LOS ANGELES, Feb. 12 -- Los Angeles World Airports issued the following news release:
A long-term partnership that began in late September between the Los Angeles World Airports (LAWA) and the Los Angeles Zoo is already proving successful in many ways by: reducing costs for both City departments; diverting "green waste" from landfills; protecting coastal dunes areas; contributing to sustainability goals; and feeding exotic animals one of their favorite foods reminiscent of their native homelands.
The arrangement started with LAWA's implementation of a $3 millionCoastal Dunes Improvement Project, located on 48 acres in the northwest corner of Los Angeles International Airport (LAX) property between the airport's north airfield and Dockweiler State Beach, and north of Sandpiper Street. In June 2013, the California Coastal Commission provided final approval of LAWA's permit application for this project to improve the visual appearance of, and plant native vegetation in, the dunes area.
Acres of invasive acacia trees are being removed by airport maintenance workers from the project area. Instead of LAWA transporting this "green waste" to a City recycling site, zoo workers now collect the plants on a weekly basis to feed the zoo's giraffes, elephants, rhinoceros, and other hooved animals. According to zoo staff, almost every part of the acacia tree is edible to one kind of animal or another, and in many parts of the world, their small leaves provide the only greenery during the dry season.
"This project will increase the native plants on the 48-acre site, which was rezoned for nature preserve uses in 1994 by the City of Los Angeles," said LAWA Environmental Services Division Manager Robert Freeman. "This is a great example of LAWA working with the local community and other agencies to achieve a very positive environmental outcome. Preservation of the entire 307-acre LAX Coastal Dunes area is part of LAWA's overall commitment to environmental stewardship at LAX."
"It's always great when City departments can work together cooperatively," said Jeff Holland, Curator of Mammals at the Los Angeles Zoo. "Since October our animals have definitely benefited from the additional supply of acacia. Our giraffes may be the one species that benefit most. The more acacia we are able to provide them, the better their health will be. It's always a challenge to provide these animals with the large amounts they would naturally find in the wild, so it's nice to have the increased supply provided by LAWA."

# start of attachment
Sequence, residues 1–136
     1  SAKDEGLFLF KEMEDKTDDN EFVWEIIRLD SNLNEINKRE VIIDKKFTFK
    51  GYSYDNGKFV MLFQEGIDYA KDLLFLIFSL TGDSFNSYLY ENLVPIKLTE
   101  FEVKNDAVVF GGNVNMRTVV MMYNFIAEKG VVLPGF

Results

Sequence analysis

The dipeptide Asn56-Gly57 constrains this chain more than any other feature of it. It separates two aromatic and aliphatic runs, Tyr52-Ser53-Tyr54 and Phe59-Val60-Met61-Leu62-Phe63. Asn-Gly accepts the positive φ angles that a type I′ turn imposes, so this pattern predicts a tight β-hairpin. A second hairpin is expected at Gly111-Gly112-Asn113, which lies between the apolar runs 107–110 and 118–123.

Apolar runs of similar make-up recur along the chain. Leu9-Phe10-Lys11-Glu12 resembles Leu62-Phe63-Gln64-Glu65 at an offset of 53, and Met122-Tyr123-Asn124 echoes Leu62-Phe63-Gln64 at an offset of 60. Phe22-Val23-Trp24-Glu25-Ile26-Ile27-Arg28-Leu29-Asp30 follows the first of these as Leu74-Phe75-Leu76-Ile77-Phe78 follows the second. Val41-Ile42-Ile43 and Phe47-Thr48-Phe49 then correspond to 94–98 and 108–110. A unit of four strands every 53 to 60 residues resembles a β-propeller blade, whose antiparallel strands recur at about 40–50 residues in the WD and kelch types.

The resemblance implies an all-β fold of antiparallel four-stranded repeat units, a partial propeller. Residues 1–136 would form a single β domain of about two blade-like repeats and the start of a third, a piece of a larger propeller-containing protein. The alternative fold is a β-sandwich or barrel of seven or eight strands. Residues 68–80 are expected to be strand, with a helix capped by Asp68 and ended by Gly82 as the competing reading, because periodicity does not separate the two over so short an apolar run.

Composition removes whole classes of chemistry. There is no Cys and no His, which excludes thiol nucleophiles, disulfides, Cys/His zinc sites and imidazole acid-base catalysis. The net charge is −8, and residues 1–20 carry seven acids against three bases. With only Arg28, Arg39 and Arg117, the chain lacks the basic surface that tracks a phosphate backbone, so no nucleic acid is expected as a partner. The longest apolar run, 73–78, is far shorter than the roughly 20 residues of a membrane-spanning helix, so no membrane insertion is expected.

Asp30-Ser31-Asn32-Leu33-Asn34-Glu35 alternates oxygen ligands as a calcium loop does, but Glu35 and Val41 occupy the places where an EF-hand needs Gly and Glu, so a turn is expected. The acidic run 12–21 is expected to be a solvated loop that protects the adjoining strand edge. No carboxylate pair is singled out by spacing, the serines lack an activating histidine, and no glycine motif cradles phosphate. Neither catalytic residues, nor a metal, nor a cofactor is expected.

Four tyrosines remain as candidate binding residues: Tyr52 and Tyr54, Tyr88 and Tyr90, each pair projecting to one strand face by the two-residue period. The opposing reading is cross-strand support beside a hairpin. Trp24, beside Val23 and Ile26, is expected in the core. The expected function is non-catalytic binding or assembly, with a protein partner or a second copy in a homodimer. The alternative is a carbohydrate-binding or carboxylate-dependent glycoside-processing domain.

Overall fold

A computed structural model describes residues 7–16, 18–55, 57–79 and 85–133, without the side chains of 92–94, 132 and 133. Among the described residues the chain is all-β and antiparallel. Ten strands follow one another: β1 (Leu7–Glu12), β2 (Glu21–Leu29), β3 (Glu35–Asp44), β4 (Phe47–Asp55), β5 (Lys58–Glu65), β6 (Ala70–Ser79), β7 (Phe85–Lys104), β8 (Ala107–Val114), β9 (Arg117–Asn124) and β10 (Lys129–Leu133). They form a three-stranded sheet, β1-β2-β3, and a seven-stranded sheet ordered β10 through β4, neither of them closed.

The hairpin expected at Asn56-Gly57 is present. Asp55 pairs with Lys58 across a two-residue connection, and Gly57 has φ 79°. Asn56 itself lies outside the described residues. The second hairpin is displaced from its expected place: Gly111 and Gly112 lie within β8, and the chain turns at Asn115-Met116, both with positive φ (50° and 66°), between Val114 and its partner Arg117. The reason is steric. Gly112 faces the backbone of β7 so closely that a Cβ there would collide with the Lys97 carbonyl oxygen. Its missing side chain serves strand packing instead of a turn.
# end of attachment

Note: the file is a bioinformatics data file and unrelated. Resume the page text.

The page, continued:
After completion this year of the LAX Coastal Dunes Improvement Project, continued maintenance of that area plus regular removal of acacia trees and plants from the entire 307-acre LAX Coastal Dunes project will provide an on-going source of acacia for zoo animals. The LAX Coastal Dunes also includes a 200-acre habitat preserve established in 1992 to protect the federally designated endangered El Segundo Blue Butterfly.
"We were removing acacia regularly from the adjacent El Segundo Blue Butterfly Preserve," said Ralph Morones, director of the airport's Maintenance Services Division. "We trucked those plants to the City's recycling center, but since we discovered the needs of the zoo, it can all be delivered there."
According to LAWA's Environmental Services staff, the variety of acacia found in the LAX Coastal Dunes Preserve site is one of the world's most significantly invasive species. It is known to take over grasslands and abandoned agricultural areas worldwide, especially in moderate coastal and island regions where mild climate promotes its spread. Acacia is among several non-native and/or invasive plants, including ice plant, sea lavender, castor bean, Russian thistle, jade plant, coreopsis, wild mustard and radishes, and palm trees that must be removed as part of LAX's Coastal Dunes Preserve Management Program.
All major restoration in the 307-acre coastal dunes area is managed by LAWA's Environmental Services Division, the U.S. Fish and Wildlife Service, and the California State Coastal Commission. LAWA also coordinates with other governmental agencies and the public to guide restoration activities and to achieve an outcome that meets the community's ecological, aesthetic, social, political and economic needs.
During the early 20th Century, the El Segundo Dunes - along with other dune systems nearby - were seriously threatened by coastal development. As coastal land began to be cleared for housing tracts, non-native plants were introduced, choking out native species. With the advent of the Jet Age at LAX in 1959, the City of Los Angeles began purchasing the properties and removing the homes for safety and noise reasons.
By the late 1950s, most of the dunes had vanished, along with their native plants and animals. Although the native habitat preserved at LAX comprises less than two percent of the original El Segundo Dunes, it is the largest remaining coastal dune fragment in Southern California.
CC 24CCPandaSan-140213-4635724 24CCPandaSan